Reactor plate 120 and/or a lower portion of force transfer member 102 are positioned low enough to ground 126 to engage the floor panel or floor structure of most vehicles. System 100 is thus operable to engage the floor structure during a side impact and transfer forces to spacer channel 136 of the guardrail system.
For one embodiment, a bottom portion of reactor plate 120 and force transfer member 102 are preferably approximately 3" above ground 126 as indicated by dimension reference number 128. For this specific embodiment (shown in FIGS. 4 and 5), the reactor plate is shown approximately 3" behind post 114 as is indicated by dimension reference number 130. Reactor plate 120 is preferably positioned and sized to allow post 114 to break away during a forceful impact by vehicle and engage the floor structure if the impact is on a side portion of the car.
According to aspects of the present invention, numerous designs may be utilized to engage the floor structure of a side impacting vehicle and transfer forces to beams 110 and 112. Another example of a system or mechanism 200 according to an aspect of the present invention is shown in FIGS. 6-8. In this embodiment, a torsion bar 250 is secured, preferably by welding, to internal surfaces of spacer channel 236. Spacer channel 236 is located adjacent to post 214. A force transfer member 202 has a first member 216 and a second member 217. Members 216 and 217 have a first and a second lateral edge (or end). On the second lateral edges, a third member 219 may be attached to members 216 and 217 for additional strength and stability. On a portion of the first lateral edges of members 216 and 217 of transfer member 202, a reactor plate 220 may be attached. An additional plate 221 may be attached on another portion of the first lateral edges of members 216 and 217 as shown if FIG. 6.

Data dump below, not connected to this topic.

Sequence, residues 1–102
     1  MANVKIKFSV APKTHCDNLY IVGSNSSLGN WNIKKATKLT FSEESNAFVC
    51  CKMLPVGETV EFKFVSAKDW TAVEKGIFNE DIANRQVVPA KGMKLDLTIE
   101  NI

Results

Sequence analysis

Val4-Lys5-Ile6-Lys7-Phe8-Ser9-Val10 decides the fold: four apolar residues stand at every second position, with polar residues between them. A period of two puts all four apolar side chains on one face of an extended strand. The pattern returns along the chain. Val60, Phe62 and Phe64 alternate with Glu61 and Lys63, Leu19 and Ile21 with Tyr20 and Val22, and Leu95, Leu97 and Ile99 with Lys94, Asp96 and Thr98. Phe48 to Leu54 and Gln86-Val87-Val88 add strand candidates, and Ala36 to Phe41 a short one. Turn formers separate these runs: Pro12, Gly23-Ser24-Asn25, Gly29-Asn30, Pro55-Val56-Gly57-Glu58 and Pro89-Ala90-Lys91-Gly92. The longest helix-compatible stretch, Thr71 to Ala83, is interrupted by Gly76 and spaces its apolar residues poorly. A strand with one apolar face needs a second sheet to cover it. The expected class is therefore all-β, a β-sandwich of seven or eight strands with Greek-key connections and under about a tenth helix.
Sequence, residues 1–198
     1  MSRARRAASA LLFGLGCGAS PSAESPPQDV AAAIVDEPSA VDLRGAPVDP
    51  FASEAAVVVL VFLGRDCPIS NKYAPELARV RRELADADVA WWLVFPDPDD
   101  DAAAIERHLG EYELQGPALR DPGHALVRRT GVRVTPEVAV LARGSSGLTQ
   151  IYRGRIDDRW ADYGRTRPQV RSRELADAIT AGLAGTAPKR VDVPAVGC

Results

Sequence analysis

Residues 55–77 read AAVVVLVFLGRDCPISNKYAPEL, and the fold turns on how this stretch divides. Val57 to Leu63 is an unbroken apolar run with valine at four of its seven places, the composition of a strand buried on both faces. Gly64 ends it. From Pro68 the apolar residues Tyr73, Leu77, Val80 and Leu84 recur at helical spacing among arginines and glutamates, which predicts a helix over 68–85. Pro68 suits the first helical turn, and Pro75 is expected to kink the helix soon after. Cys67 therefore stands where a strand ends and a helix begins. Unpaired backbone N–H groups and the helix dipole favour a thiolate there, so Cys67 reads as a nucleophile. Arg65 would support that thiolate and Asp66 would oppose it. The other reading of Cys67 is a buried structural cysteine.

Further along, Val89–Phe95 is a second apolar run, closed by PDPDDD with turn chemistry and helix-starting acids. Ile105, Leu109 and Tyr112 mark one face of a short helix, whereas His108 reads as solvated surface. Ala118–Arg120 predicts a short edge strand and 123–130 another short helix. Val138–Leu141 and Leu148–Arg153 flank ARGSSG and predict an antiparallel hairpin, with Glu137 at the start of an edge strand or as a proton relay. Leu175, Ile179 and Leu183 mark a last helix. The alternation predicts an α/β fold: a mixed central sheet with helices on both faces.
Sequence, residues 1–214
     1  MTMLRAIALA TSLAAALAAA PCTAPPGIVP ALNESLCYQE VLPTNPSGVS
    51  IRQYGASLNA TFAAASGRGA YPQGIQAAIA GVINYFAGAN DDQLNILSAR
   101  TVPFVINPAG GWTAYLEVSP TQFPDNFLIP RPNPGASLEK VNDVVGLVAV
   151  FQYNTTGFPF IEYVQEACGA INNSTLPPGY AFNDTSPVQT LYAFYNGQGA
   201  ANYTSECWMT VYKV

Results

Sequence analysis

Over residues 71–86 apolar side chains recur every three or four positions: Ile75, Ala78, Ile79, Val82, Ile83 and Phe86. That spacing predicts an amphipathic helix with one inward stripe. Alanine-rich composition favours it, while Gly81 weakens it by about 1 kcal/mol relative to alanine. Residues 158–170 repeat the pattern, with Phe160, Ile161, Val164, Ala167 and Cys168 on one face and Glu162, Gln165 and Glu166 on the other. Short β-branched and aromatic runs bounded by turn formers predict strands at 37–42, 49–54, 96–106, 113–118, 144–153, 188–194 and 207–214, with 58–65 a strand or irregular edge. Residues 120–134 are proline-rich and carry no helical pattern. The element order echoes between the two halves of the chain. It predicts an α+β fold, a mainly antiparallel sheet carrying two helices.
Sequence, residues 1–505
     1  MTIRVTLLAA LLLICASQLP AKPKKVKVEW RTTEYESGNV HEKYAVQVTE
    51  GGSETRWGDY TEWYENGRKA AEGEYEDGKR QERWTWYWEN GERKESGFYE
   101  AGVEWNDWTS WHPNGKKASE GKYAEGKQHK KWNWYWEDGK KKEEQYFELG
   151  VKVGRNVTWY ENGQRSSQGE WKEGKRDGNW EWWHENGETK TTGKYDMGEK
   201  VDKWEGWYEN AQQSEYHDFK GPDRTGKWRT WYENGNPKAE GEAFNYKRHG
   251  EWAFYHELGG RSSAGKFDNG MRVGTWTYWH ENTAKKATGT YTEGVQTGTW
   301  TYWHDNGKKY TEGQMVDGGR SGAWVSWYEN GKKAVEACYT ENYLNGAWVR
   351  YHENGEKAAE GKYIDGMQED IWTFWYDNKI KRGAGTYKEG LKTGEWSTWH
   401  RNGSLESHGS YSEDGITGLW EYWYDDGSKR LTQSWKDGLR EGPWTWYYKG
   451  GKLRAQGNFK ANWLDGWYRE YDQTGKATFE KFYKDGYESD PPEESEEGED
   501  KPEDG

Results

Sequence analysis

As with the previous embodiment, force transfer member 202 and/or reactor plate 220 are positioned to engage the floor structure of a vehicle having a forceful side impact with the guardrail end terminal. Additional plates and reinforcements may be added to force transferring mechanism or system 200. As with the previous embodiment, post 214 is designed to break away upon impact and force transfer member 202 will transfer forces from a side floor structure of a vehicle to an approximate centroid of the beams, e.g. beam 210.
Referring now to FIGS. 9 and 10, another embodiment of a system for transferring forces is shown. Force transfer mechanism or system 300 is attached to spacer channel 336. A torsion bar 350 is attached, preferably by welding, to spacer channel 336. A force transfer member 302 transfers forces to spacer channel 336 during forceful side impacts. Force transfer member 302 has a first member 316, a second member 317, a third member 319, and a fourth member 321. Each member 316-321 may be welded to a portion of torsion bar 350 and/or spacer channel 336. As shown in FIG. 9, a number of additional support plates, such as plate 323, may be attached to the members.